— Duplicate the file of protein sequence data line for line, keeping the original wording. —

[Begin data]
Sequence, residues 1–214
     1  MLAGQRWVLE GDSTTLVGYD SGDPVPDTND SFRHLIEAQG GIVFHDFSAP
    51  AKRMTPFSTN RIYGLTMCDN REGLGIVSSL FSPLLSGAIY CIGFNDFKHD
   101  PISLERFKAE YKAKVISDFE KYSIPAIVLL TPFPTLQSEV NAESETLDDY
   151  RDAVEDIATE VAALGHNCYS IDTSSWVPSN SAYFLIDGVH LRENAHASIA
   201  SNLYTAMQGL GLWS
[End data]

Sequence, residues 1–214
     1  MLAGQRWVLE GDSTTLVGYD SGDPVPDTND SFRHLIEAQG GIVFHDFSAP
    51  AKRMTPFSTN RIYGLTMCDN REGLGIVSSL FSPLLSGAIY CIGFNDFKHD
   101  PISLERFKAE YKAKVISDFE KYSIPAIVLL TPFPTLQSEV NAESETLDDY
   151  RDAVEDIATE VAALGHNCYS IDTSSWVPSN SAYFLIDGVH LRENAHASIA
   201  SNLYTAMQGL GLWS